Tetiana Balanova

I heard lots from my grandparents about the war but had never thought that this could ever happen to us again.

In 2014 when I was 20 years old, I learned what the word war really means. Russia invaded the east of Ukraine. We learned to live and build our lives in that reality. In 2022 I worked as a teacher, we were going to celebrate our second wedding anniversary, built plans, thought about buying a house and had a peaceful life. On 24th February 2022 Russia illegally invaded Ukraine in an escalation of the war which began in 2014. The whole the country woke up from the air alert, frightened and lost. We started to live in a new reality, a reality of war, a reality in which you can’t make any plans, a reality when this day can be your last day. I am one of the thousands of Ukrainians who left home, left, and lost our loved ones because of the illegal Russian invasion.

I arrived in Edinburgh in April last year. And after my plane landed, I knew that I am not going to keep calm, I am not going to rely on somebody, I knew that I need to do everything needed to help my county and my family who stayed in Ukraine. Sometimes you can feel helpless being away from your family and friends during such a tough time. Especially when you receive one of the most terrifying messages. I received one. It was about my cousin who was killed by a Russian anti-tank mine. And for me, it was a tipping point, I decided to be strong enough to help and support my family in Ukraine and displaced Ukrainians here in Edinburgh.

I came to the community centre and volunteered to sort donations, when the AUGB got to the warehouse, I arranged for the shuttle bus to take other Ukrainians from the hotel every Tuesday and Thursday to the warehouse. I also helped at the community centre on other occasions. In August last year, I joined the Association of Ukrainians in Great Britain Edinburgh branch. We have created a common space and friendly environment for our displaced people. They can get information and guidance, translate documents, and get humanitarian aid, we are supporting people’s well-being, needs and integration into society.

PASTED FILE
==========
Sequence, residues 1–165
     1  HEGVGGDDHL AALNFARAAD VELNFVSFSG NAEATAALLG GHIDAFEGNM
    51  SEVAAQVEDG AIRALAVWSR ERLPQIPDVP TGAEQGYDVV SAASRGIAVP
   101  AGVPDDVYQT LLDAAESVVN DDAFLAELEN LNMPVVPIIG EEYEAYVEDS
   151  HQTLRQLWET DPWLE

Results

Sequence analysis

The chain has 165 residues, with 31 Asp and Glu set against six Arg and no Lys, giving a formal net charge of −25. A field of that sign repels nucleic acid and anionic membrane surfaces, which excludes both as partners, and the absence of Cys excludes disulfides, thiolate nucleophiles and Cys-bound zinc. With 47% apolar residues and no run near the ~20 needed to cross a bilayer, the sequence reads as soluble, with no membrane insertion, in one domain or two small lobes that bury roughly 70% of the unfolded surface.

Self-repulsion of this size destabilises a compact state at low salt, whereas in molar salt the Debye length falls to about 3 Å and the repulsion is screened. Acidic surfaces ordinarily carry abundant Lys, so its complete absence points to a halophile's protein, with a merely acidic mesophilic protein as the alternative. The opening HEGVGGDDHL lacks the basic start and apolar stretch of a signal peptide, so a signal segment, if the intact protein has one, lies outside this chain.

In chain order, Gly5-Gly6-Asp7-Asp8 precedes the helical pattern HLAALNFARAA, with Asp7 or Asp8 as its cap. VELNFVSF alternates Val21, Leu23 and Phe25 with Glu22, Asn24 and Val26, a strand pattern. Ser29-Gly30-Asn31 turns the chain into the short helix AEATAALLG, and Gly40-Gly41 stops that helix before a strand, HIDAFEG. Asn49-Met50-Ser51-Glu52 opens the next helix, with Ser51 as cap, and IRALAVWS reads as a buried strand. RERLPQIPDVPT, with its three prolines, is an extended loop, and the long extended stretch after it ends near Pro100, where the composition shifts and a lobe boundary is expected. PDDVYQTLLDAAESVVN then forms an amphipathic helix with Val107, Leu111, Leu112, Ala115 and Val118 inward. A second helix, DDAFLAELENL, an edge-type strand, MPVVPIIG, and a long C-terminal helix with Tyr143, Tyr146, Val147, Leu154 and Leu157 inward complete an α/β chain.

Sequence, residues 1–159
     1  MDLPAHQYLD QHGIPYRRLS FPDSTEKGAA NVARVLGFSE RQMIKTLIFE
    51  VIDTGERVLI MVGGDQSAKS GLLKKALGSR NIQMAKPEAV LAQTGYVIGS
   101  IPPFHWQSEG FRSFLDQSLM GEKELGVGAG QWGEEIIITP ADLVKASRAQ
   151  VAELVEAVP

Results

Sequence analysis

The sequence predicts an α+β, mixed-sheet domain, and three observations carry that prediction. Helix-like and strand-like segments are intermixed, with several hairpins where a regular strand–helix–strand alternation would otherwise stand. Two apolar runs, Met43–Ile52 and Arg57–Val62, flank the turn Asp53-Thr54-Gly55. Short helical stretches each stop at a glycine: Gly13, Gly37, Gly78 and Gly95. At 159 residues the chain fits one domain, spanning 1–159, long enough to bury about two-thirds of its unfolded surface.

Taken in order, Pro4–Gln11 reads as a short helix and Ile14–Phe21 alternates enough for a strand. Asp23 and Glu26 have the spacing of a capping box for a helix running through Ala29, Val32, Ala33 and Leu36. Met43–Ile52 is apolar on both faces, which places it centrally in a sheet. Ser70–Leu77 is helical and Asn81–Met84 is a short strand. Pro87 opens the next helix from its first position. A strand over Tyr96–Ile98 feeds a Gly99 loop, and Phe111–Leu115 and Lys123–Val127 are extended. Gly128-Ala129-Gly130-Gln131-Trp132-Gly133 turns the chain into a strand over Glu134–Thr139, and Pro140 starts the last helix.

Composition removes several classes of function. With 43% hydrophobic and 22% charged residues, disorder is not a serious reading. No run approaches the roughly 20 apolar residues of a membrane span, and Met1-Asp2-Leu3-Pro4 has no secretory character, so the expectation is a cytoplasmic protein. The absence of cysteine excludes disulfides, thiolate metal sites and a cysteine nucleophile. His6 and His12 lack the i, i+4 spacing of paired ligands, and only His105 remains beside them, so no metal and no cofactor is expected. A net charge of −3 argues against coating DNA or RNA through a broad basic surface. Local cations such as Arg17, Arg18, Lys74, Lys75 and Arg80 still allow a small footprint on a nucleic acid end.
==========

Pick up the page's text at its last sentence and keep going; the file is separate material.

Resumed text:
Weekly programmes have been devised for our guests and it consists of social, cultural, and recreational activities for adults, youth, and children. Culture became a centrepiece of this war. That is why we started the mini-Ukrainian school, opened a little library, and have two choirs and a dance ensemble.
I and all my colleagues are trying to protect, promote and share Ukrainian culture and Ukrainian heritage.

We know what real friendship means. And we are so grateful to Scotland and its people!

I was honoured to address the Scottish Parliament about the importance of protecting the native languages, the history of the Ukrainian Language and its thousand years of fighting for its identity and right to speak Ukrainian.
The community centre became a cultural and spiritual home for displaced Ukrainians, it’s a special Ukrainian spot-on Edinburgh’s map. Lots of us, those who experienced the war, found friends here, met host families, who became our families here. We know what real friendship means. And we are so grateful to Scotland and its people!

Our best people, my friends, classmates, and neighbours are paying with their lives for our right to exist. With the group of Ukrainians, we are collecting, buying, and sending the humanitarian aid and other assistance that our friends, soldiers may need. We are fighting and will continue to fight for our motherland, our independence, the right to speak our native language and be called Ukrainians.

Upcoming Events

Job Board Banner

Related Posts